Baoding Military Academy
Baoding Military Academy (traditional Chinese: 保定軍校; simplified Chinese: 保定军校; pinyin: Bǎodìng jūnxiào; Wade–Giles: Pao-ting chün-hsiao) was a military academy based in Baoding, China, in the first two decades of the 20th century. For a time, it was the most important military academy in China, and its cadets played prominent roles in the political and military history of the Republic of China. The Baoding Military Academy closed in 1923, but served as a model for the Whampoa Military Academy, which was founded in Guangzhou in 1924. During the Second Sino-Japanese War, half of 300 divisions in China's armed forces were commanded by Whampoa graduates and one-third were Baoding cadets.
In 1902, Yuan Shikai, the Viceroy of Zhili Province and the Minister of Beiyang, founded an officer academy in Baoding, the capital of Zhili Province. Baoding was the headquarters for his New Army, which until 1901 was based in Xiaozhan, near Tianjin. The Boxer Protocol required the Qing government to demilitarize Tianjin and the New Army was relocated to Baoding. From 1902 to 1912, the officer academy in Baoding took on a number of different names, including the Beiyang Army Expedited Martial Studies Academy. The academy trained officers for the New Army, which was a significant factor in Yuan Shikai's rise to power at the end of the Qing dynasty and the pivotal role he played in the Xinhai Revolution. In 1912, after Yuan became the provisional president of the Republic of China, the academy was briefly moved to Beijing and became the Army Academy. In October 1912, the academy was relocated back to Baoding and formally became the Baoding Military Academy.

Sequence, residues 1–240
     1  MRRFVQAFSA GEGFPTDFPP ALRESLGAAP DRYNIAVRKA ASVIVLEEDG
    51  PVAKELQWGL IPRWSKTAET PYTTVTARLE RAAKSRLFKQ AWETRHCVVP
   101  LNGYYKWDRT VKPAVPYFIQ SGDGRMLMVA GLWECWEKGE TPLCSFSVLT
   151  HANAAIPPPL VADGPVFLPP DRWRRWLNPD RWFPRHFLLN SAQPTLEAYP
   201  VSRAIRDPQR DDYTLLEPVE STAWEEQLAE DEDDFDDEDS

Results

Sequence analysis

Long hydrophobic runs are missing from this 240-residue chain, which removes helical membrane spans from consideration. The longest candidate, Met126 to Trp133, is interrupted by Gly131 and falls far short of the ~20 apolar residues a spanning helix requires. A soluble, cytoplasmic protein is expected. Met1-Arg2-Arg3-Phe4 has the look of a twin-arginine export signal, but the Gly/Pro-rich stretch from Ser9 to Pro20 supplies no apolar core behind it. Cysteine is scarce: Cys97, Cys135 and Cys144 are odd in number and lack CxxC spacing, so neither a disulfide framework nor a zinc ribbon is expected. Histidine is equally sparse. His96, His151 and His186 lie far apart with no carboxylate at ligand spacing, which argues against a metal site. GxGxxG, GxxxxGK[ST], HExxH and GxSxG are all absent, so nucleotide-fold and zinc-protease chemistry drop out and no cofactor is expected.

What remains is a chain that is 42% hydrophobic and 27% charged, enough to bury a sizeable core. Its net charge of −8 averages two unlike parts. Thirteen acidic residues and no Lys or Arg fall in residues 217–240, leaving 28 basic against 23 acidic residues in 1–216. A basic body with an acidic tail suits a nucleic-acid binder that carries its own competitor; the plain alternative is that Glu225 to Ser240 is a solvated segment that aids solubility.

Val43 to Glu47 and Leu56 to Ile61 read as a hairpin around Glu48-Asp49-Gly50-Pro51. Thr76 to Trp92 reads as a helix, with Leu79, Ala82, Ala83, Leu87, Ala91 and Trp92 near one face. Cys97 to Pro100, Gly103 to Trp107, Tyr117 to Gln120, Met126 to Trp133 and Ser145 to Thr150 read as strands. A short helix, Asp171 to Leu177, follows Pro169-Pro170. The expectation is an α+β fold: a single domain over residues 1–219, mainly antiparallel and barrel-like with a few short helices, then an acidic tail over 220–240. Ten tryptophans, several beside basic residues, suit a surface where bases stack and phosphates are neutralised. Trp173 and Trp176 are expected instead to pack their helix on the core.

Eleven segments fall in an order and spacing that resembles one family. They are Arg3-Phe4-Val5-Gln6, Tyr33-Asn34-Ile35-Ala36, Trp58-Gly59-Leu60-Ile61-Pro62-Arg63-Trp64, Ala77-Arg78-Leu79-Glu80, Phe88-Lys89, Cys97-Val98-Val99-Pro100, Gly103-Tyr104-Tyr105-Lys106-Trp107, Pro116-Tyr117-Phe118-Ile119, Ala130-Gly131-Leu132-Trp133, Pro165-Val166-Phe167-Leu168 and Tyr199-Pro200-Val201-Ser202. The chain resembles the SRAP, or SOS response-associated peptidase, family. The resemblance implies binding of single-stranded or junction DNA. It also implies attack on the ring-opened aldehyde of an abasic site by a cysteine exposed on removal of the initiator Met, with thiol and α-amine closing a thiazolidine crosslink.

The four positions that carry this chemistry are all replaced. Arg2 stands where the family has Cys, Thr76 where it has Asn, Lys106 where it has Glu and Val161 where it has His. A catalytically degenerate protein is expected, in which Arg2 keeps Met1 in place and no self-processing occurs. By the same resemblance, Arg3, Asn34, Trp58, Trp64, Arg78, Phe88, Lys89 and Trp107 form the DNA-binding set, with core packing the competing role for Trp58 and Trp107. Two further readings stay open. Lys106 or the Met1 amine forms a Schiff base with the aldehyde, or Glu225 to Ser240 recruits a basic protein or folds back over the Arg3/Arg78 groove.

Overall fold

Generalisso Chiang Kai-shek, who would later become president of the Republic of China, attended the academy in 1906 as a cadet in the overseas study preparatory class, prior to studying abroad in Japan.
In 1993, a memorial and museum was built on the site of the academy in Baoding to commemorate the academy and the 11,000 cadets who studied there. In 2006, the memorial became a national-level historical site.
- Howard L. Boorman, Richard C. Howard, Joseph K. H. Cheng (1979). Biographical dictionary of Republican China, Volume 3. New York City: Columbia University Press. p. 51. ISBN 0-231-08957-0. Retrieved 2010-06-28.
- (Chinese) Xinhua 2006-06-28
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